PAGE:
· NEW COMMUNITIES: Diverse people who feel threatened by Y2K will want to set up (and are setting up) new communities with those who share their values, assumptions, interests, lifestyles, etc. If the number of intentional communities in the US doubled, tripled, or grew 50-fold, what would happen? Is this something we should prepare for? Encourage? Discourage? Is this a "wave we can ride"? What does it mean for the future, and our role in creating that future?

· SUSTAINABILITY: There is already increasing interest in sustainable lifestyles, technologies, communities, ideologies, paraphernalia. When centralized survival supply lines are disrupted, people need to become more self-reliant. This is the essence of sustainable community, of mutual aid, of bioregionalism, of indigenous cultures, etc. In a Y2K crisis, many things may have to be done locally because there isn't enough gas to transport people or goods very far. Organic agriculture may become more widespread simply because there aren't chemical fertilizers and pesticides. Recycling, reuse and reduced consumption would become more common simply because goods may be more scarce and precious than they were before. Local economics and local waste management may become as natural as walking and biking, all because people don't have any choice. In broad crises such as America's Great Depression and Cuba's embargo shortages, people move naturally (if reluctantly) towards bioregionalism. This process can be facilitated and deepened by advance public education and preparation (e.g., ensuring the seeds, bikes and knowhow are widely accessible) and building strong local relationships to which people can turn in crisis. Should we be playing a role in all this? What is there time to do? What will happen if we don't?

· POSSIBLE VIOLENCE: In a serious collapse, people who need resources or want power may use violence to get it. In such circumstances, those who have resources or orderly communities become targets. The deeper and longer the crisis lasts, the more likely such predation becomes, and the further it will likely reach into more isolated regions. What kind of defenses are we willing to use? To what extent will we hunker down -- or rise to a higher level of engagement with those who threaten us? How much will we invest in preparing ourselves to practice our best responses? Personally, this dynamic makes me believe the only real solutions are society-wide, even world-wide. This has always been true, but could easily be ignored before now. This insight -- the mutuality of our destiny -- lies at the heart of the community movement. How fully are we willing to live this ideal?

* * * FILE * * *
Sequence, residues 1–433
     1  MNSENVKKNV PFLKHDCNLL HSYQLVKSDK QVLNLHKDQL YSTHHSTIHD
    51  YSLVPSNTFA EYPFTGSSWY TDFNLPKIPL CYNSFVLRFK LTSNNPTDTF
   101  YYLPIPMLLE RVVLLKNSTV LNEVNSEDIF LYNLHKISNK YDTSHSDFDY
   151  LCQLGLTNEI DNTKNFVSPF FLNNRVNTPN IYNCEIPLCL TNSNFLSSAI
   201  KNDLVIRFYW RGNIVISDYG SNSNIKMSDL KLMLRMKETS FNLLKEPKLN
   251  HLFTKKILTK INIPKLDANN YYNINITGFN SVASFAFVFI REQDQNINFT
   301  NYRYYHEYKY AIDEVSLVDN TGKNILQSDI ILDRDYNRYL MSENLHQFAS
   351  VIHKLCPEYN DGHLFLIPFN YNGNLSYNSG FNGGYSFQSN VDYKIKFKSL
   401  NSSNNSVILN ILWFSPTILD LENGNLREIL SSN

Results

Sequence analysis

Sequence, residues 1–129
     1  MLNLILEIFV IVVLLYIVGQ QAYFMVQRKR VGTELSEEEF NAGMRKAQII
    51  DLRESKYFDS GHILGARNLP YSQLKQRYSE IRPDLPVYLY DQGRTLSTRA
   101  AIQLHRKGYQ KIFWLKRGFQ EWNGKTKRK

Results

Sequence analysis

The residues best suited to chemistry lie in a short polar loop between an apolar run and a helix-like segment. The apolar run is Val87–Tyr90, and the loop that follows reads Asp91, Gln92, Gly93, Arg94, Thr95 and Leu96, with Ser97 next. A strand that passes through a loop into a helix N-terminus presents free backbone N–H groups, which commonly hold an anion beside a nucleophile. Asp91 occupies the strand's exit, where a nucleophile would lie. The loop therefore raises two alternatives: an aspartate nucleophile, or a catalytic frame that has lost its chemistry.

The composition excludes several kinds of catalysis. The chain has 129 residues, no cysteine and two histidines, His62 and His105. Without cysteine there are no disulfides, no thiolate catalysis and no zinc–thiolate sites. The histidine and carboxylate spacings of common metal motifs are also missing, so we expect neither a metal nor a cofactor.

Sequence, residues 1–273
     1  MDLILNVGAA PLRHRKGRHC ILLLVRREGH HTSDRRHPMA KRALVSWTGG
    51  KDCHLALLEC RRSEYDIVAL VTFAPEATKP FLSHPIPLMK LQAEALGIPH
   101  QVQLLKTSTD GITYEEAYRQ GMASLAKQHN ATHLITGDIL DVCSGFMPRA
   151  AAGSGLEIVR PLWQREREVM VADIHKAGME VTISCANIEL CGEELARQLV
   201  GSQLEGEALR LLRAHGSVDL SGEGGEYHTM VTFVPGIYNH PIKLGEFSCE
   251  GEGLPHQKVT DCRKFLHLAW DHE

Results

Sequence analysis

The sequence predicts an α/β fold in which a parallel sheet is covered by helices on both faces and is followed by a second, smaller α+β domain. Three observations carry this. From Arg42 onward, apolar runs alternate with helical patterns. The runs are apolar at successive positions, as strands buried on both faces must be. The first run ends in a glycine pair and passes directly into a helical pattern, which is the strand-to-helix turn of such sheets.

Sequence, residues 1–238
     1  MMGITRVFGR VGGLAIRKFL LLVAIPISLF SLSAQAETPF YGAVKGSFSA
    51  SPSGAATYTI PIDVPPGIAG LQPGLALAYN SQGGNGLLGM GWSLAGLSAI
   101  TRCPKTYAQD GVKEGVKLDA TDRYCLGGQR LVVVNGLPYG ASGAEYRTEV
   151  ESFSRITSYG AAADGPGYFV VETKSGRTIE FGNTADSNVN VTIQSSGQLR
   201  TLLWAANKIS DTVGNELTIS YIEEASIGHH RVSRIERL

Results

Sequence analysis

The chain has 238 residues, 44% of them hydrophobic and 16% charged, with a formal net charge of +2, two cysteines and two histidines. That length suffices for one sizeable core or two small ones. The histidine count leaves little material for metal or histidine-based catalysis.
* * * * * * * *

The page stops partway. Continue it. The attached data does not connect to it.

· PUSHING THE ENVELOPE: The principles of community -- mutual aid, familiarity, communication, tolerance, shared experience and destiny, answerability, etc. -- will need to be applied on all fronts. Hardship can bind people together or break them apart. And so we are called to build stronger community (a) among our immediate friends and associates, (b) among our wider circles of support, (c) with our geographical neighbors, (d) with the people and groups near our geographical neighborhoods, (e) with others in our bioregion, (f) with others of like mind or intention in distant places and (g) with anyone else who influences (or could influence) our lives. In times of hardship especially, the further out we can draw the line between those who are "us" and those who are "them," the better off we will be. Ultimately, as my friend Jeff Schwartz remarked to me, "We're all we, although some of us don't know it yet."

· PSYCHOSPIRITUAL CHALLENGES: I expect that Y2K will continually challenge us to open our hearts, our doors and our larders. Normally we can open up or shut down without serious consequences. During major social breakdown -- in the face of intensifying human suffering and violence -- both opening up and shutting down have greater consequences. As the ante gets raised, so does our opportunity for personal, group and collective growth and evolution. Those with conscious spiritual practices -- or conscious group processes -- will most likely recognize and utilize these opportunities sooner. But all of us will feel the pull, one way or the other, and will experience the consequences of the choices we make.